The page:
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Walnut Street losing its Hat and Gown

Wednesday, July 11, 2001

By Teresa F. Lindeman, Post-Gazette Staff Writer

William Penn Hat and Gown, a clothing store that outfitted Pittsburgh women for the entire 20th century, is going out of business.

The venerable Shadyside boutique will put its inventory on sale this weekend and probably close its doors within 30 to 60 days, said Richard Rattner, whose family has owned the business since 1970. The store's 20 employees were notified this week.

William Penn's future has been uncertain since late last year when local developer Tony Ross purchased the 5400 block building on Walnut Street that has housed the store since 1980. Tenants were notified early this year their leases would not be renewed because a new 15,000-square-foot retail building is planned on the site.

Rattner said the family considered moving but that would have cost between $225,000 and $500,000. "Basically, it came down to economics," he said. The family decided the Pittsburgh market for an upscale women's clothing store wasn't strong enough to justify the investment.

Another factor was the death of Rattner's father in December. Joseph E. Rattner had purchased the store with his wife, Marilyn Hoffman Rattner, after retiring as president of Thrift Drug. "It was a business my father really loved," said his son.

At 71, Joseph Rattner was active at the boutique until his death. If the store had been able to stay in the same location, the family might have kept it going awhile longer.

But Richard Rattner, 38, is interested in moving on to another venture that he's not ready to talk about yet. His brother, Stuart Rattner, 33, also will begin looking for new opportunities.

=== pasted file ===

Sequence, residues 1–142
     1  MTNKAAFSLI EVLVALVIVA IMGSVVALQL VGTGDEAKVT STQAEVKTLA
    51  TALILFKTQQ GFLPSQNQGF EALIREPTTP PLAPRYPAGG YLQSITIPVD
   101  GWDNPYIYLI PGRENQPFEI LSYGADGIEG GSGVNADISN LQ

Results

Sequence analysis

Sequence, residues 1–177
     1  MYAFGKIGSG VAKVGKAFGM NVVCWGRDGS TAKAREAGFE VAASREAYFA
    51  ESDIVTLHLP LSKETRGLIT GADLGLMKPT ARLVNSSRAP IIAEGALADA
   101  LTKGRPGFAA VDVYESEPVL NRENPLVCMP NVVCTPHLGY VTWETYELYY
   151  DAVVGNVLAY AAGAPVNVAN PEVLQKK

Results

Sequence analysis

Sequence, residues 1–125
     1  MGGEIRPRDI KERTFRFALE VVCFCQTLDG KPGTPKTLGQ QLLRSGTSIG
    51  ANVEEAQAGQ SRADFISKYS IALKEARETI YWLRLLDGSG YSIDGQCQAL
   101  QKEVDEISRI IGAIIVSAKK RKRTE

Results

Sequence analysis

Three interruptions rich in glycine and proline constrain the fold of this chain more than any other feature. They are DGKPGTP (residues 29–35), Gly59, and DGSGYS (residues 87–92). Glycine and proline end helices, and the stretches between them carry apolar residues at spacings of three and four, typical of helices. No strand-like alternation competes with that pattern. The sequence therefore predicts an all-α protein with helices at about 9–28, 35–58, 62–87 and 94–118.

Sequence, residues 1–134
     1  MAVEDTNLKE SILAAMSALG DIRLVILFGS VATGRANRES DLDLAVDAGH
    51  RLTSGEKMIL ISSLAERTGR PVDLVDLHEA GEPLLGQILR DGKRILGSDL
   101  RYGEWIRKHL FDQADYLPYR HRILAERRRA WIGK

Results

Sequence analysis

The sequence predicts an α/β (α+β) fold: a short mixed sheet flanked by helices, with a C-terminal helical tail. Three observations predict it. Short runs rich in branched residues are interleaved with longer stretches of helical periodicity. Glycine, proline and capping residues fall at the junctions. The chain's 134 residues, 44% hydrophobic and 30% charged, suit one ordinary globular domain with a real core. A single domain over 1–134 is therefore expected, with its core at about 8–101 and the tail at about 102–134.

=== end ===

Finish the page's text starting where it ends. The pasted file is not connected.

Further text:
The clothing store traces its roots back 105 years to a boutique started Downtown. Rattner said after some time in the William Penn Hotel, the store eventually moved to the former Alcoa building now known as the Regional Enterprise Tower. The family made the switch to the 5,000-square-foot space in Shadyside when subway construction threatened to block the entrance for an indefinite period of time.

William Penn Hat and Gown has carried clothing lines such as St. John, Cherrutti 1881 and Lafayette 148.

Rattner, who serves as vice president of the Shadyside Chamber of Commerce, has enjoyed working on Walnut Street. "Shadyside has been wonderful," he said.

William Penn Hat and Gown is the second venerable Pittsburgh women's store to go out of business in the past year. Adeles, a 60-year fixture in Squirrel Hill, announced its closing in December. There had been talk at the time that William Penn might buy Adeles, but that didn't happen.

The future of other tenants in the 5400 block of Walnut isn't clear. The building also houses merchants such as Toadflax and Mardi Gras.

Rattner said a flier about his store's closing was going out to about 2,200 customers, and he expects to hear from many who've been shopping there for years. Mary Lou Alexander, an employee of more than 50 years, has been promised the job of locking the doors for the last time.

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